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Lola Cremer

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I agree to the Terms of Service and Privacy Policy. I understand that I will receive a subscription to ZoomInfo Community Edition at no charge in exchange for downloading and installing the ZoomInfo Contact Contributor utility which, among other features, involves sharing my business contacts as well as headers and signature blocks from emails that I receive.

Background Information

Employment History

Director, Rehabilitation Services

St. Jude Children's Research Hospital Inc


Affiliations

Pain Management Service

Member


Web References(6 Total References)


Class of 2007

www.nexusleaders.org [cached]

Lola Cremer
St. Jude Children's Research Hospital Director, Rehabilitation Services


www.nexusleaders.org

Lola Cremer St. Jude Children's Research Hospital Director, Rehabilitation Services


Nexus :: 2007

www.nexusleaders.org [cached]

Lola Cremer
St. Jude Children's Research Hospital Director, Rehabilitation Services


Ronney Snell Dies | 5/13/2003 | The O&P EDGE | oandp.com

www.oandp.com [cached]

"He loved his fellow man more than anyone I know, and he was particularly devoted to the children," said Lola Cremer, director of rehabilitation services at St. Jude, quoted in an article in the Memphis Commercial Appeal May 12.


St. Jude Rounds - Spring 97

www.stjude.org [cached]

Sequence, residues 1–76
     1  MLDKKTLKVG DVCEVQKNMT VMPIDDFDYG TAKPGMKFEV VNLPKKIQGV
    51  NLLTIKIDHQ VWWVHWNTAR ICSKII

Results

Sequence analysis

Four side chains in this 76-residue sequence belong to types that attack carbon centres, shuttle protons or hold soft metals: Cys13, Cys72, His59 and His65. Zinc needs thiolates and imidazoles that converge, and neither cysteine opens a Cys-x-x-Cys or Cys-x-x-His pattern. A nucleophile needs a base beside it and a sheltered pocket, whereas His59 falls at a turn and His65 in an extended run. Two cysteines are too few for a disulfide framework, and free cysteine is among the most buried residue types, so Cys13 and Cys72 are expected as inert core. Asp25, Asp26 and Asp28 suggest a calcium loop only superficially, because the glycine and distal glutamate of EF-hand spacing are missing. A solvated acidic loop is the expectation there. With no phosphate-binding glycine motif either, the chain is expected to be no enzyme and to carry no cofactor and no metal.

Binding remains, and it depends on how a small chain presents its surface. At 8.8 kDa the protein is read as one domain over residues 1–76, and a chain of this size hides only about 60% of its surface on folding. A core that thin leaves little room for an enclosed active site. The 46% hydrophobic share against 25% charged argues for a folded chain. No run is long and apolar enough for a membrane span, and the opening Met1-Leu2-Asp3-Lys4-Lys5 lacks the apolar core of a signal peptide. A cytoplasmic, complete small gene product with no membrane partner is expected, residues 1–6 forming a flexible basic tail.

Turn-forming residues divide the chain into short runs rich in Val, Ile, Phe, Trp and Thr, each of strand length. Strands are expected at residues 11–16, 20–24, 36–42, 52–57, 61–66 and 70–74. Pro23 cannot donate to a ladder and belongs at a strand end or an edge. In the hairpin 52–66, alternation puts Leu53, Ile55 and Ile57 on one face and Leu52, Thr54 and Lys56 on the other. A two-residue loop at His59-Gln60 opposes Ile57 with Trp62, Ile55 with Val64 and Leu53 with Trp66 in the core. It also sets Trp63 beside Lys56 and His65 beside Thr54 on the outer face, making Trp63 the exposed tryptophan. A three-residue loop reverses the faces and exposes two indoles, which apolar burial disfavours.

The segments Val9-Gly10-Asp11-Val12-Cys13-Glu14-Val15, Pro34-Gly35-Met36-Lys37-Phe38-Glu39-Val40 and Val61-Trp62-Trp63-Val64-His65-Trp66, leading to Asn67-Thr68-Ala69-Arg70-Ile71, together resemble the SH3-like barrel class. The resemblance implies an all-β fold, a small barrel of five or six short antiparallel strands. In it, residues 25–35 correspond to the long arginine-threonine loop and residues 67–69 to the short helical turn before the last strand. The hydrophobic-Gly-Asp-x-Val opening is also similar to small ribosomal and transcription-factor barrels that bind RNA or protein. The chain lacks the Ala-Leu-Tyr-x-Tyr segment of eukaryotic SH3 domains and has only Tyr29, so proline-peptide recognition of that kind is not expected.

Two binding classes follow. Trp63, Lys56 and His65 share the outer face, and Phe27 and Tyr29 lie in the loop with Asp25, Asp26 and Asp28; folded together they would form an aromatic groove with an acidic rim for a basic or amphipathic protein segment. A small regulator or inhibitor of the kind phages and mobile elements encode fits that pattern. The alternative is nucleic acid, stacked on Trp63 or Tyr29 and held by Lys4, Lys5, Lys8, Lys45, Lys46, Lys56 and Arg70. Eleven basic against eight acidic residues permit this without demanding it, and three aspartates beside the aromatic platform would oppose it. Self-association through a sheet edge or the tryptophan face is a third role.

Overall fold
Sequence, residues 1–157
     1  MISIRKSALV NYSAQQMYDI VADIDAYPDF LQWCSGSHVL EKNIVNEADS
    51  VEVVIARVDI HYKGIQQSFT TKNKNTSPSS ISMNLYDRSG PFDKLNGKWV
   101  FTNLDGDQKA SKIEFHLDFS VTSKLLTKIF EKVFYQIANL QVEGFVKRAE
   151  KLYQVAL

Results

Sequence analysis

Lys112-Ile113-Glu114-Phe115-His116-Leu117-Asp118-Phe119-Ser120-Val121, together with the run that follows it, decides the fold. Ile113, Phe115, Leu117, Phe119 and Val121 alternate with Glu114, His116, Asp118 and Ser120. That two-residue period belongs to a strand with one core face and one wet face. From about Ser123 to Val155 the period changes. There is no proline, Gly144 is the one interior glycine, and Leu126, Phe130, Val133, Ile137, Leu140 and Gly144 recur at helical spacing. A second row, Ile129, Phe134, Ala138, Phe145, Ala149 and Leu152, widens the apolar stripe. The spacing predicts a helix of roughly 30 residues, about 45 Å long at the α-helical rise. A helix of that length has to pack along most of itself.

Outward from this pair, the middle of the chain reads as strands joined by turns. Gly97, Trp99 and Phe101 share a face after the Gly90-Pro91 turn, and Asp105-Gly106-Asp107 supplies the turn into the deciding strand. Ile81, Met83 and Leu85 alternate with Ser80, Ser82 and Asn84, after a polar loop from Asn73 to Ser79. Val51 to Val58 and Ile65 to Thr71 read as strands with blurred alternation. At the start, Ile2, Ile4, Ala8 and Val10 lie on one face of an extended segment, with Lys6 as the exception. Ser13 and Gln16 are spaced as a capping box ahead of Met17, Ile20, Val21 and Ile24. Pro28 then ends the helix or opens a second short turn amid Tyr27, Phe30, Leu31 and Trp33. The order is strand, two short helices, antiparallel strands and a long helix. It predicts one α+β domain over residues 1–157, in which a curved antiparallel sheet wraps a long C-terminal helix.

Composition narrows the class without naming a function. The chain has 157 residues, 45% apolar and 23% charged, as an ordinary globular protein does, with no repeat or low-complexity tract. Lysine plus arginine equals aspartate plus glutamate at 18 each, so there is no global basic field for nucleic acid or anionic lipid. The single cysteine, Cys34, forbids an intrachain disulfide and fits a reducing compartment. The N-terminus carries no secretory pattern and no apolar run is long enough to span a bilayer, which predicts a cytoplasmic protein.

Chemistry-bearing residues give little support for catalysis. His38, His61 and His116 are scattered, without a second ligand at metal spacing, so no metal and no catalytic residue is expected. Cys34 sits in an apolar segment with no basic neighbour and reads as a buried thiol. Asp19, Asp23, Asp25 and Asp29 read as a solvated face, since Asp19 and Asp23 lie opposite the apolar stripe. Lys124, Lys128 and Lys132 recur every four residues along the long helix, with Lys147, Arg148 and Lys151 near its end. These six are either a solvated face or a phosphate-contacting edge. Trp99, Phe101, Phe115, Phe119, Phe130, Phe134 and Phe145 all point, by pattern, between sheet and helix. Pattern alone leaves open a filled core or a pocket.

Most of our patients now are being treated for leukemia or brain tumors , says Lola Cremer , a physical therapist and director of St. Jude's rehabilitation services.Each treatment , tumor type , and individual patient has unique rehabilitation needs.Children being treated for leukemia present the broadest range of challenges.One problem Cremer frequently sees is ischemic bone pain-which can make a child reluctant to walk.Later , chemotherapy can cause peripheral neuropathy and degenerative joint changes.Without help , these kids can lose mobility and independence unnecessarily , says Cremer.After limb-sparing surgery , rehabilitation is actually longer and more complicated than it is after amputation.The endoprosthesis must be periodically lengthened as a patient grows , which often requires additional physical rehab work to stretch the soft tissues.Also , the presence of an endoprosthesis can permanently sideline patients from some activities , such_as contact sports.Some patients ( usually athletic teenage boys ) choose amputation for these reasons , and in some cases , amputation is unavoidable.Upper and lower extremity amputations present very different challenges.Children treated for brain tumors can face seemingly insurmountable cognitive and emotional setbacks , but Cremer is constantly impressed by how much they regain and how fast.We've had patients who couldn't sit_up a month ago , and now they're walking.A child's brain is so much more adaptable than an adult's.We can't predict their outcome , but they always do better than a similarly treated adult..When I say rehab , says Cremer , I don't just mean that the patient can walk or go_back to school.Rehab is complete when children can fully return to everything that's important to them-family , friends , home , school , recreational activities. She recalls a teenage limb salvage patient who was afraid she'd never be able to bathe in private again.She couldn't bend her knee enough to clear the side of the tub.Her whole outlook changed when Cremer showed her how to get in and out of the bathtub unassisted.We've worked with children who are now cheerleaders , who ride horses , who play football and golf , who water ski and snow ski , notes Cremer.One little girl who'd had an above-knee amputation asked me if I'd teach her to do cartwheels in her prosthesis.Our kids are not limited at all..Lola Cremer ( left ) works with patient Toby Miller.Web sites related to topics in this issue :.


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